The White House said on Monday BP appears willing to set up the kind of victims compensation fund the presient is demanding, as Barack Obama set out on a three-day tour of the stricken Gulf of Mexico Coast.
The tour represents Obama's most concerted efforts so far to assert leadership in face of the calamity, with the White House exercising every tool at its disposal - an on-scene visit by the president, a speech from the Oval Office, the use of the power of the presidency to extract concessions from BP. The White House hopes it will be enough to win back the confidence of a skeptical public.
Spokesman Bill Burton, speaking to reporters traveling with Obama aboard Air Force One to the Gulf, said the White House and BP were "working out the particulars," such as the amount of the fund and how it will be administered. The account would be run by an independent third-party entity, Burton said, and would run into "the billions of dollars," although he wouldn't give a specific amount.
"We're confident that this is a critical way in which we're going to be able to help individuals and businesses in the Gulf area become whole again," the spokesman said.
BP's board was meeting Monday in London to discuss deferring its second-quarter dividend and putting the money into escrow until the company's liabilities from the spill are known. BP spokeswoman Sheila Williams had said earlier that the company was aware of the White House's demand for a compensation fund, but declined to comment further.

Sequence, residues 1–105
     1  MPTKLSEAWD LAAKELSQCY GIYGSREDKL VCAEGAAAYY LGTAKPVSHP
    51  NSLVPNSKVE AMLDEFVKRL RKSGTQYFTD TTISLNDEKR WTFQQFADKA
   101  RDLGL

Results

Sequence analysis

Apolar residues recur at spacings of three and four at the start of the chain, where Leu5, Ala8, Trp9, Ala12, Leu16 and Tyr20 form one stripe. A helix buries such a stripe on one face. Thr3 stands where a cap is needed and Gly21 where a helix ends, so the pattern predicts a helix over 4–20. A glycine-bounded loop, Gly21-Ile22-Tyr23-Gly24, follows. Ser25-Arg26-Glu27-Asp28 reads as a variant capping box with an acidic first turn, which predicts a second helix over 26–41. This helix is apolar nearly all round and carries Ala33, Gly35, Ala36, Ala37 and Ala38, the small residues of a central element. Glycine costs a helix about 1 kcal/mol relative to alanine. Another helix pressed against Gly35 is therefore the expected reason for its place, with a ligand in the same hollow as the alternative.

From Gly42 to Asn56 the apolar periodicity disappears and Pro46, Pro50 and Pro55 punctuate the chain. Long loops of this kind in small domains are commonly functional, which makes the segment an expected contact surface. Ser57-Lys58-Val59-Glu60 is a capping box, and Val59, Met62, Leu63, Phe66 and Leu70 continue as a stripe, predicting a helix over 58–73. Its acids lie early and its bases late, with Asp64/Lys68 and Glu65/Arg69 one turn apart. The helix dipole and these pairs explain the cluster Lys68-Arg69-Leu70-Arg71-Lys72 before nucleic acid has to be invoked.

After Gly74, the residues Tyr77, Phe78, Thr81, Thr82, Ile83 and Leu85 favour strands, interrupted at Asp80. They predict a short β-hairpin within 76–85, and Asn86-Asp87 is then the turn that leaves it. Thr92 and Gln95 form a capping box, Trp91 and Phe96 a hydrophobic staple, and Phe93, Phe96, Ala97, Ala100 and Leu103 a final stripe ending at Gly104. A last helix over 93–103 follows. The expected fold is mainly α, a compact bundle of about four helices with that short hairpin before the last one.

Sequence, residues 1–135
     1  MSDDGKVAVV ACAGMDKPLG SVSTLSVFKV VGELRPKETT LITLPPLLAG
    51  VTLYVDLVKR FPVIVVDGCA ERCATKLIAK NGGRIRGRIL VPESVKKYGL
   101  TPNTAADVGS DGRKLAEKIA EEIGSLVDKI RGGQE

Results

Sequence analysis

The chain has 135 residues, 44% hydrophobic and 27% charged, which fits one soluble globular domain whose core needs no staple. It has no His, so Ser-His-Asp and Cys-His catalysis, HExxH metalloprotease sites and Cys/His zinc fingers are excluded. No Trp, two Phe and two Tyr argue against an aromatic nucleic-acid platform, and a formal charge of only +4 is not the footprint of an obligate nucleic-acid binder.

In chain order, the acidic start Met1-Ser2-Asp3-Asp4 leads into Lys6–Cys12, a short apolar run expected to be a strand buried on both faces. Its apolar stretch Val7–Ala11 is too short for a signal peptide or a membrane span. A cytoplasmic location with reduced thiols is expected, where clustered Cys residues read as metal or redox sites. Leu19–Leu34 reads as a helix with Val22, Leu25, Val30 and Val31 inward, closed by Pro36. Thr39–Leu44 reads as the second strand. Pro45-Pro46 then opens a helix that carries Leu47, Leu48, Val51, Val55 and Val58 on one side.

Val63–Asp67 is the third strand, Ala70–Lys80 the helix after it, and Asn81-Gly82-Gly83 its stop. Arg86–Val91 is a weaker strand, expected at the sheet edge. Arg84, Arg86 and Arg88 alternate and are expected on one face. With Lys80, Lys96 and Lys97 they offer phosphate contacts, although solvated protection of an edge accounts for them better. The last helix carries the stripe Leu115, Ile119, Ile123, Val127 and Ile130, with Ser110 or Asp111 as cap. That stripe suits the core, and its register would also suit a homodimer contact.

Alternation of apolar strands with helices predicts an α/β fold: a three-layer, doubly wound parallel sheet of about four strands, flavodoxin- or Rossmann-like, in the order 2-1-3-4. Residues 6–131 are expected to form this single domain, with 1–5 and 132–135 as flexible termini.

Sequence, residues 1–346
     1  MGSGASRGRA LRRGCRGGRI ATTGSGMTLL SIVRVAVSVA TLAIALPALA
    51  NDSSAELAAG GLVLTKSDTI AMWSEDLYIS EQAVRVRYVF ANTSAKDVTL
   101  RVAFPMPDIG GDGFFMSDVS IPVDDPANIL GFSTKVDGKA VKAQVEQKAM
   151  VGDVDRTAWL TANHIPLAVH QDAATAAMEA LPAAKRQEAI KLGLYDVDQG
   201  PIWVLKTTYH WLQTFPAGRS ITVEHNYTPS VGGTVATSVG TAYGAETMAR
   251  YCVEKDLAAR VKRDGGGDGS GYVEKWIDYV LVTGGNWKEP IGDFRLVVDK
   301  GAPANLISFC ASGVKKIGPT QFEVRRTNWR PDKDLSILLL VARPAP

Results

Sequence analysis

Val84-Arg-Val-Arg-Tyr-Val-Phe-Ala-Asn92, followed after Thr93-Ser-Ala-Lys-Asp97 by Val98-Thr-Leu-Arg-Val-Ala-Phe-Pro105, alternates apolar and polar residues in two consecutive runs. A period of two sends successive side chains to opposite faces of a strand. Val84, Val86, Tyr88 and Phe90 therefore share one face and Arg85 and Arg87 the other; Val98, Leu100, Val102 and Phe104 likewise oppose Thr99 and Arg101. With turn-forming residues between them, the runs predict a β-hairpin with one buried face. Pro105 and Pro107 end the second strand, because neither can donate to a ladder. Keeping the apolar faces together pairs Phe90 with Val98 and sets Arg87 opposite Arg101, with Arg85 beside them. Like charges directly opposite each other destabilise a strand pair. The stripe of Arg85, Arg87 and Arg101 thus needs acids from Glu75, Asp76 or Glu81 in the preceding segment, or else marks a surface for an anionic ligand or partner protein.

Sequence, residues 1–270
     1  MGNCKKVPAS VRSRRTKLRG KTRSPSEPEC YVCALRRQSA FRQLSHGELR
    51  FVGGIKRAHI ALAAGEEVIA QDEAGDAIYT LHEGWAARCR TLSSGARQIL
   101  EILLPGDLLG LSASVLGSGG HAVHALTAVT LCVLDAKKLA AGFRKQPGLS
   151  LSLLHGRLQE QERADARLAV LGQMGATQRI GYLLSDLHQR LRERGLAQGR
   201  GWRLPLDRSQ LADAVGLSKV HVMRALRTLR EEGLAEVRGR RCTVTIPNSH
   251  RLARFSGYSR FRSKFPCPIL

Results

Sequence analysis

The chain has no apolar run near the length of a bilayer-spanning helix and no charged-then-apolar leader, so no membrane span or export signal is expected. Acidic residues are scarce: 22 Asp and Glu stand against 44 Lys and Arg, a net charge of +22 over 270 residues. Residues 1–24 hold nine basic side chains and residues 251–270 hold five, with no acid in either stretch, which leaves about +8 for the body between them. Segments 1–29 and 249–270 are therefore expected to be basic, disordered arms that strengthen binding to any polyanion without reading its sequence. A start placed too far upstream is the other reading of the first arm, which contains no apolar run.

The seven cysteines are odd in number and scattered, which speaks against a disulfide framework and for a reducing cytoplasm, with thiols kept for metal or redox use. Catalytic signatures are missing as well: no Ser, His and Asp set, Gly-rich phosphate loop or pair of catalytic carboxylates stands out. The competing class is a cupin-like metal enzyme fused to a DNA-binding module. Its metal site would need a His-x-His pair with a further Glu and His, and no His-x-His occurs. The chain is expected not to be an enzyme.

The administration had said earlier that Obama was prepared to force BP, if necessary, to set up the fund. Burton said Monday that Obama aides are "confident we have the legal authority" to do that. But he didn't expand on how, saying it wasn't necessary "considering BP is going to do this."
Obama's two-day trip to Mississippi, Alabama and Florida launches a busy week for the government's attempt to get control of the nation's worst environmental disaster. The president plans to address the nation from the Oval Office Tuesday night after his return, and he is to meet with BP executives face-to-face for the first time on Wednesday.
The White House get-together is expected to include the company's much-criticized CEO, Tony Hayward. Later in the week, company officials will have to face Congress in hearings on the spill. The White House has been using the power of the presidency to extract concessions from BP as efforts continue to stop the leak. They add up to Obama's most concerted efforts so far to assert leadership in face of the calamity.
In the Tuesday night speech, Obama aims to help guide the country through what's been done to date, what his administration will do going forward and how people in the region will be made whole.
For instance, Burton said Obama will address both worker safety and food safety "to make sure the American people know we're doing everything we can and we're monitoring in each and every place possible."
The symbolism of using the Oval Office for an address for the first time in Obama's presidency was deliberate, and a decision made by the president himself, Burton said.
"What we're seeing in the Gulf is a catastrophe the likes of which our country has never seen," he said.
The administration said earlier on Monday that BP had responded to a letter sent over the weekend asking the company to speed up its ability to capture the spewing oil from its well 5,000 feet (1,500 meters) below the ocean's surface.
In its response, BP said it would target containing more than 2 million gallons (7.6 million liters) of oil a day by the end of June, up from about 630,000 gallons (2.4 million liters) of crude a day now. High-range estimates from researchers advising the government have said that as much as 2.1 million gallons (8 million liters) a day could be billowing from BP's runaway well. Coast Guard Admiral Thad Allen said BP's commitment would be reviewed over the next couple days by outside industry experts to "make sure it's going to be responsive."
Asked how much oil is still being released daily despite the containment efforts, Allen said it remained unclear.
Regardless, the leak won't be killed for good until relief wells are completed in August.